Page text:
When Darby was 10, a trip to Tanzania changed his life; he saw children his age without food, water, and access to education or healthcare.

“I did absolutely nothing to earn the basic necessities of life and the privilege I had been born into,” he says.

“I really struggled with this idea of, like, why me and why them?”

In high school, Darby started an organization to build wells in Tanzania; when he heard Umoga speak on an alumni panel at Cornell, he immediately connected with his mission to serve others.

Umoga explained his struggles finding a sustainable funding source; he’d even started chicken and catfish farms in the Jeida region in hopes of generating revenue and economic opportunity, but the political and economic instability in Nigeria overwhelmed those efforts.

A hand holding a pair of sandals with a lion design
Products include a roaring pair of sandals. (Provided)

Darby, then a sophomore, brought Umoga’s challenge to the Social Enterprise Group, a student organization that provides consulting services to businesses that want to make a social impact. After a semester of consulting, Darby, Haraka, and Umoga established Crossroads as its own business, with startup funds from the Cane Entrepreneurial Scholars program.

“One of the most rewarding things about this so far is hearing from the entrepreneurs about what an amazing experience it’s been to work with Crossroads and interact with the team,” Umoga says. “They feel heard and feel that their businesses are now going global.”

One of the most rewarding things about this so far is hearing from the entrepreneurs about what an amazing experience it’s been to work with Crossroads.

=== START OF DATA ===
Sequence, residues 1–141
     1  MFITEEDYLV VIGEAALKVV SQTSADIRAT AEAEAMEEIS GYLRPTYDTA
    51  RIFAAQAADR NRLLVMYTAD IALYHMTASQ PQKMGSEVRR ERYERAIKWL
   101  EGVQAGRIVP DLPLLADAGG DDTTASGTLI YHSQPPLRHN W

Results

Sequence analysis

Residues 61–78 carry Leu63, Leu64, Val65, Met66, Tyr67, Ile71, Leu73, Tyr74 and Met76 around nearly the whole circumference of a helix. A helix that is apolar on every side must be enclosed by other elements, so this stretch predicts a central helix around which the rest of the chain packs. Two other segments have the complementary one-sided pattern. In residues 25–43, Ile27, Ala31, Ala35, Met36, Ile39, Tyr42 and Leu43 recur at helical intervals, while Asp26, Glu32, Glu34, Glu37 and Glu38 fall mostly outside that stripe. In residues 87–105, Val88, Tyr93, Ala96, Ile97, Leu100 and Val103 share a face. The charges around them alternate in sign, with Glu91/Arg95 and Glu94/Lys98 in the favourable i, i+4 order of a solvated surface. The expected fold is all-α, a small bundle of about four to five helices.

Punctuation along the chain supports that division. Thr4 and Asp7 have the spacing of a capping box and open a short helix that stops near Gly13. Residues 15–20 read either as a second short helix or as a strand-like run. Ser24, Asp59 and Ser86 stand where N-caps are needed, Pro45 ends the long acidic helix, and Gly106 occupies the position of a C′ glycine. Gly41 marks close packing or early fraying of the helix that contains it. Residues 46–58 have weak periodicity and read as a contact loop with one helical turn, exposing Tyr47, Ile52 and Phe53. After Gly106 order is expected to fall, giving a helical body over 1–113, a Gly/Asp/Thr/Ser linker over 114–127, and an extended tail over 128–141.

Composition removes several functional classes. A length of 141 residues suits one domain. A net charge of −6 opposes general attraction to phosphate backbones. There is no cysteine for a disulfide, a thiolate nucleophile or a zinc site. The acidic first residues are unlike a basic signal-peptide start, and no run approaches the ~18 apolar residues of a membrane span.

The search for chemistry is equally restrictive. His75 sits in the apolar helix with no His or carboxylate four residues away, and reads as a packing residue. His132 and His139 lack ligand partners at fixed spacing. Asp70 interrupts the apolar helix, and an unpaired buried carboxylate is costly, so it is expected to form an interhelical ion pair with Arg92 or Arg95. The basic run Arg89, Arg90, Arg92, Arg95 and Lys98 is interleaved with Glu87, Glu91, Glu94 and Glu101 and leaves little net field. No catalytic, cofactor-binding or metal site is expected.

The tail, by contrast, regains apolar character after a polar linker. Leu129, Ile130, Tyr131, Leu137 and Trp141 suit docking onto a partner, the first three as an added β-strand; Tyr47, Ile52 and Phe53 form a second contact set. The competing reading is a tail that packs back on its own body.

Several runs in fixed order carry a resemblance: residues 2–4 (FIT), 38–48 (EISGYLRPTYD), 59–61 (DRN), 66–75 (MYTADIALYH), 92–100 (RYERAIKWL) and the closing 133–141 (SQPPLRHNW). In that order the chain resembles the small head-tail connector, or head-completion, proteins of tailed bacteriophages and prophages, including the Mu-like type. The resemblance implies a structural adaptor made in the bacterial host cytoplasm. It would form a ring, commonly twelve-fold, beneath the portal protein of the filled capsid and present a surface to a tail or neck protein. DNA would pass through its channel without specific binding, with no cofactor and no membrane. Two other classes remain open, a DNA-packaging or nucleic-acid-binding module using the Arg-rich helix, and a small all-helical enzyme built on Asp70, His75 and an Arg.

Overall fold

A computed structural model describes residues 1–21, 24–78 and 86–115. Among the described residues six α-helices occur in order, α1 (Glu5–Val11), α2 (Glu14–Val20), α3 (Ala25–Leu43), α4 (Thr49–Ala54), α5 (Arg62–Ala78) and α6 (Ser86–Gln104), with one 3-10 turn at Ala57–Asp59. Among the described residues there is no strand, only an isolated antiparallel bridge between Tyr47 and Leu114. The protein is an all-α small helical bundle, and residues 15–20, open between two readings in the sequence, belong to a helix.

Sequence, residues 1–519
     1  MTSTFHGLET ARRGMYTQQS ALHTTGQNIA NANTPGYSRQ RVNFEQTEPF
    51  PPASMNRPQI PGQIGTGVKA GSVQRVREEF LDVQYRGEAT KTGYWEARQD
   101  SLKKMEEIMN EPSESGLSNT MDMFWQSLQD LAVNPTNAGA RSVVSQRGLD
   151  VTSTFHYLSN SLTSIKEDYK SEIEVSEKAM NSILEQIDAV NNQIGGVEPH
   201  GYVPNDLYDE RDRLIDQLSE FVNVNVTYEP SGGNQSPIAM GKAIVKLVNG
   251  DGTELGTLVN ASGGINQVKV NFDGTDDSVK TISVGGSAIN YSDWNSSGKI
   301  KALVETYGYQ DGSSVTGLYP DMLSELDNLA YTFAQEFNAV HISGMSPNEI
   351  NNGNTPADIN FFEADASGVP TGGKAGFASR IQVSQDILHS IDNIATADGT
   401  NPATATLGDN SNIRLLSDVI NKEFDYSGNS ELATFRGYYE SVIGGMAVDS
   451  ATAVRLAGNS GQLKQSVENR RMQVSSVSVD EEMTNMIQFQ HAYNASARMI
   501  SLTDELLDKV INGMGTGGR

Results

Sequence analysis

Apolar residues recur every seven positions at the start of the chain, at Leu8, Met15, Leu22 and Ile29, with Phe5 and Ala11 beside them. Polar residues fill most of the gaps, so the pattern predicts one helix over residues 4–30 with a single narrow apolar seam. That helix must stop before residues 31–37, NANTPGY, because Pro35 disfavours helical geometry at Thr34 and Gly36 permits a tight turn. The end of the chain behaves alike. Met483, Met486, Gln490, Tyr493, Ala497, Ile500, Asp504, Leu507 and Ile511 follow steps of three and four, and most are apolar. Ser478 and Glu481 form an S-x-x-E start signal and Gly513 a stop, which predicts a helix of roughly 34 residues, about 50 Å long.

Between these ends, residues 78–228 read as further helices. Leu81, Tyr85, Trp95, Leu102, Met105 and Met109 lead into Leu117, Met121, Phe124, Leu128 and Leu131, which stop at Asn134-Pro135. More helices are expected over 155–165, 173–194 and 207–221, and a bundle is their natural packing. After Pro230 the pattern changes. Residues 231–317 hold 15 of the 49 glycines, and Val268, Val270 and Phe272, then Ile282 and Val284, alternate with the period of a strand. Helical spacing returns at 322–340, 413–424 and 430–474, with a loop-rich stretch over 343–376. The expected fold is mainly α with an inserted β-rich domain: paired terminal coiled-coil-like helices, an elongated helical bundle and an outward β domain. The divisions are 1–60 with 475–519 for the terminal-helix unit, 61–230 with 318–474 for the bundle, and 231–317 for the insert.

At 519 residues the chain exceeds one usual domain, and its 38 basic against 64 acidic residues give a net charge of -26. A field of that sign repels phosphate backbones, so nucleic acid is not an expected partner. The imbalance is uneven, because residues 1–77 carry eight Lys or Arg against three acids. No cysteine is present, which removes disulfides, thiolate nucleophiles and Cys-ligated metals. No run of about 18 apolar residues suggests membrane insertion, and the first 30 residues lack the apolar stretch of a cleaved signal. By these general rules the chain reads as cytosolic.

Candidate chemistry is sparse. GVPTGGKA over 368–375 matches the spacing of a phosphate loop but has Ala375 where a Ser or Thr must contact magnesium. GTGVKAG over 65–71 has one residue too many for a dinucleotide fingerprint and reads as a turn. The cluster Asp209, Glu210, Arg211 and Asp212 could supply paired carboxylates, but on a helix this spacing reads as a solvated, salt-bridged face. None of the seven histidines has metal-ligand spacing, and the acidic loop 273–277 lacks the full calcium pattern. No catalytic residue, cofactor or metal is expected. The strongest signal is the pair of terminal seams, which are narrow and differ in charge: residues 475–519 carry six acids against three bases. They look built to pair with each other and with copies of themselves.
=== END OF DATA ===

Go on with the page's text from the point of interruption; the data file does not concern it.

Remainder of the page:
Kelechi Umoga ’15

Founding and sustaining Crossroads has given students the opportunity to address real business challenges. They frequently take calls from artisans in the middle of the night to help with supply chain issues and have learned how to communicate with and inspire others across cultural differences.

“Crossroads has really trusted us and given us a lot of agency to start our own initiatives,” Senzon says. “We’ve been building our artisan base and refining our pitching skills and getting to interact with the professional world. It’s really made me excited for entrepreneurship post-graduation.”

Crossroads was selected as a semifinalist in the Hult Prize International Pitch Competition from a pool of 40,000 startups and was accepted to the Life Changing Labs accelerator program last summer. The group’s growth has led to new chapters at Yale, Brown, Penn, Georgetown, and Amherst; students at those schools are laying the groundwork to generate more business for Crossroads’ artisans.

Members of Crossroads inspect some of their merchandise in the Physical Sciences Building
Members inspect some of their merch in the Physical Sciences Building.

And at Cornell, a new wave of leadership is now benefiting, with a team of eight students all taking on crucial roles.

“Being involved in Crossroads has helped me expand my network at Cornell and really plugged me into the entrepreneurship community, while also providing me with the opportunity to make an impact,” Xu says.

“All the small wins have been great: the first time we filed our own taxes, even, and working with the artisans, and then seeing how happy people are with what they ordered. Just to see it grow has been amazing.”

Top: Umoga meets with current members of Crossroads. (All photos by Sreang Hok / Cornell University, unless indicated)

Published January 23, 2024